Russia–Israel relations were not entirely smooth in the past. Not only were the two countries on opposing sides in the Cold War, but the Soviet Union also actively spread anti-Israel propaganda, blocked the Aliyah of Russian Jews, and provided resources and weapons to Palestinian extremists. (Interesting fact: in July 1970, the Cold War between the two sides became a ’hot’ war: Israeli Dassault Mirage III fighter jets confronted Soviet MiG-21 fighters over the Sinai Peninsula, and the Israelis shot down five Soviet planes, killing four pilots.) Following the collapse of the Soviet Union, however, relations between Israel and Russia improved significantly.
Yet, following the Russian invasion of Ukraine in 2022, Russian–Israeli relations deteriorated during the tenure of Israeli Prime Minister Yair Lapid, who actively criticized Russia in a series of messages. However, unlike many Western countries, Israel has maintained relations with the Kremlin, rejecting to impose sanctions on Russia. There are several reasons for this. For one, Russian is the third most widely spoken language in Israel after Hebrew and Arabic:
it is spoken by 1.5 million Israelis, who constitute 17 per cent of the population.
Russia has been grateful to Israel for not sending military aid to Ukraine, and the two countries have maintained contact over military operations in Syria as well. That is more important to Benjamin Netanyahu than exchanging angry messages on Twitter—on that, too, he differed significantly from Lapid. All of the above has been true until recently, despite the fact that good US–Israeli relations and good Russian–Iranian relations would suggest that Israel and Russia can only have bad relations.
Netanyahu has previously repeatedly referred to Putin as a ‘friend’. The Israeli prime minister has visited Russia more than ten times since 2015, and during the 2019 election campaign proudly displayed a poster of the country with a picture of him shaking hands with Putin.
Perhaps that is why many Israelis were shocked that a Hamas delegation travelled to Moscow on 26 October to meet with senior Russian officials. The Israeli foreign ministry labelled this ’support for terror’ and called on the Russians to expel Hamas, Time magazine noted.
But where does Russia actually stand on the current Israel–Hamas war? Russia has failed to call the 7 October Hamas attack an act of terror.
The fact that Putin’s call to Netanyahu came after a week and a half is a strong signal in itself.
Meanwhile, Russian officials have called on both sides to lay down their arms and reaffirmed their support for the plan to establish a Palestinian state. At the same time, Russia condemned Israel’s counter-strikes in Gaza, although it has not broken off relations with Israel. Moscow claimed that they received the Hamas delegation because it was important to maintain relations with both sides in the conflict. The Russian Foreign Ministry said in a statement that the meetings were part of Russia’s efforts to secure the release of hostages in Gaza. Hamas has also indicated that they are trying to give special treatment to the Russian hostages because Russia is a ‘long-standing friend’.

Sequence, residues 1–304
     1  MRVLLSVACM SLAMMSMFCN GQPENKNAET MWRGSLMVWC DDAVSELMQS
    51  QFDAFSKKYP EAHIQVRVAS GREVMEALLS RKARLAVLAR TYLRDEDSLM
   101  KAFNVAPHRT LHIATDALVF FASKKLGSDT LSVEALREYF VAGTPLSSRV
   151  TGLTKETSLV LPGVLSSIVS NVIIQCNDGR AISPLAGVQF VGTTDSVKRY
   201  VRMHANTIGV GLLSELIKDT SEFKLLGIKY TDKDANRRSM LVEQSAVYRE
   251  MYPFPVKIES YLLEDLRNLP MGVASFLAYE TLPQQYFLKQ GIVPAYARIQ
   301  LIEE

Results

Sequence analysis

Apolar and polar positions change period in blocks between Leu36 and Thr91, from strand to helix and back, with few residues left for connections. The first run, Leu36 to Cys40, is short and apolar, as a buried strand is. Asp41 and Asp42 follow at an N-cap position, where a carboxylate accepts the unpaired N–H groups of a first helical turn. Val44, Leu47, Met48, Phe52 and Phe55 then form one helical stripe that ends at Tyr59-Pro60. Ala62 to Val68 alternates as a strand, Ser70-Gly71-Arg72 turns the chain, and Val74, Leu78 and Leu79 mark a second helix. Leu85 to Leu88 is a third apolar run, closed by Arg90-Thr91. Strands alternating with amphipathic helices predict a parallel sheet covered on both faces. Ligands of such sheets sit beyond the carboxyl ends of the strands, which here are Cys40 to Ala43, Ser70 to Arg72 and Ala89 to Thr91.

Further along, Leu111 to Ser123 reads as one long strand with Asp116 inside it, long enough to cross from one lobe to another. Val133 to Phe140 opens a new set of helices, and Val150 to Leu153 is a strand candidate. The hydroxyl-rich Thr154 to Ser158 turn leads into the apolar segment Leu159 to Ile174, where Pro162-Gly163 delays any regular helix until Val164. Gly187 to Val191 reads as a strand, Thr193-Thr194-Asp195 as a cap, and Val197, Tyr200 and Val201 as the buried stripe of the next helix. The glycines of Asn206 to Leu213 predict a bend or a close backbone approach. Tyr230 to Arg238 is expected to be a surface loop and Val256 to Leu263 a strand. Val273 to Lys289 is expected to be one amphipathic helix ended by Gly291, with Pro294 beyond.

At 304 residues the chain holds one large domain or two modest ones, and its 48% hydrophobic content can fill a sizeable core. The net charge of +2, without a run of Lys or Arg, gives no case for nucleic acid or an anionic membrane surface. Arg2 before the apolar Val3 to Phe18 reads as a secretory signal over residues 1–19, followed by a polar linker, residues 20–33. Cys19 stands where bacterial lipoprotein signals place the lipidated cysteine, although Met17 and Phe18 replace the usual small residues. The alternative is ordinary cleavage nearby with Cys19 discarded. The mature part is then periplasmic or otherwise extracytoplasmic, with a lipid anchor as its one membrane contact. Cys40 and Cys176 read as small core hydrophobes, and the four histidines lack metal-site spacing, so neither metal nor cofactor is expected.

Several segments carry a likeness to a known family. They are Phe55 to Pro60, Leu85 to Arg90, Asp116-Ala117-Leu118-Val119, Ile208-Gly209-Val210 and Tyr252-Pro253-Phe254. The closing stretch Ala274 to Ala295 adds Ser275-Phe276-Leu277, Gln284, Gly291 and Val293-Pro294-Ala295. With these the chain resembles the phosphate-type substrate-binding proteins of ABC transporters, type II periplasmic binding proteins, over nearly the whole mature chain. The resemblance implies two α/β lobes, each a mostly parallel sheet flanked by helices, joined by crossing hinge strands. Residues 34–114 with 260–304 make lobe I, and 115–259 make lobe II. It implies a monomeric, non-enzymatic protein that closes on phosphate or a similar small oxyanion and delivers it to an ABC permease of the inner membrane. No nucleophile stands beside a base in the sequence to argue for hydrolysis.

The question is how much Russian foreign policy may change as a result of the current war. According to the Ukrainians, Russia has been supporting Hamas with arms, but there is no evidence underpinning that claim, just as there is no proof of the Russian propaganda allegation that Hamas has received Ukrainian weapons. Moreover, it should be noted that there is no evidence either that Russia was involved in instigating or planning the 7 October attacks or supplying weapons to Hamas—even if the attack took place on Putin’s birthday, as some Western observers have reminded.
But there is no shortage of crude statements. On 28 October, Russian Foreign Minister Sergei Lavrov said that the bombing of Gaza was contrary to international law, and Putin himself likened Israel’s blockade of Gaza to the siege of Leningrad by Nazi Germany in World War II—a highly offensive choice of words.
Russia may be a passive beneficiary of the war in Israel
in the sense that while they have failed to make a breakthrough on the Ukrainian front, the Pentagon has decided, according to Axios, to send Israel tens of thousands of 155 mm artillery shells originally intended for Ukraine. America insists that they can support both Ukraine and Israel at the same time—the question is to what extent and for how long.
Of course, if Russia decides to support Hamas with more than just words, their relationship with Israel will surely suffer. The Turkish–Israeli relationship has suffered serious damage for less. Meanwhile, it should be seen that analysts believe that the protracting Russo-Ukrainian war has radicalized the Russian leadership and that the Israeli relationship is being interpreted within the framework of a new Cold War with America, rather than on the basis of the good bilateral relations that existed before. Furthermore, it is possible that America is also pressuring Israel behind the scenes to turn on Moscow.
The increasing tensions between the United States and Iran as well as between Israel and Iran could also have a negative impact on the relationship between Israel and Russia. Although Ukrainian President Zelensky has tried to fill the void left by Russia, his proposal to visit the country does not seem to have been welcomes by Israel—which, of course, has angered the Ukrainian press.
All in all, what we are witnessing is that in a world that is increasingly being separated into ’blocs’, and heading towards a new Cold War, strict, ‘no-deflection’ alliances and hostilities are limiting diplomatic and trade relations—and even a country like Israel, which has previously enjoyed good relations with both Russia and America, cannot seem to escape this trap.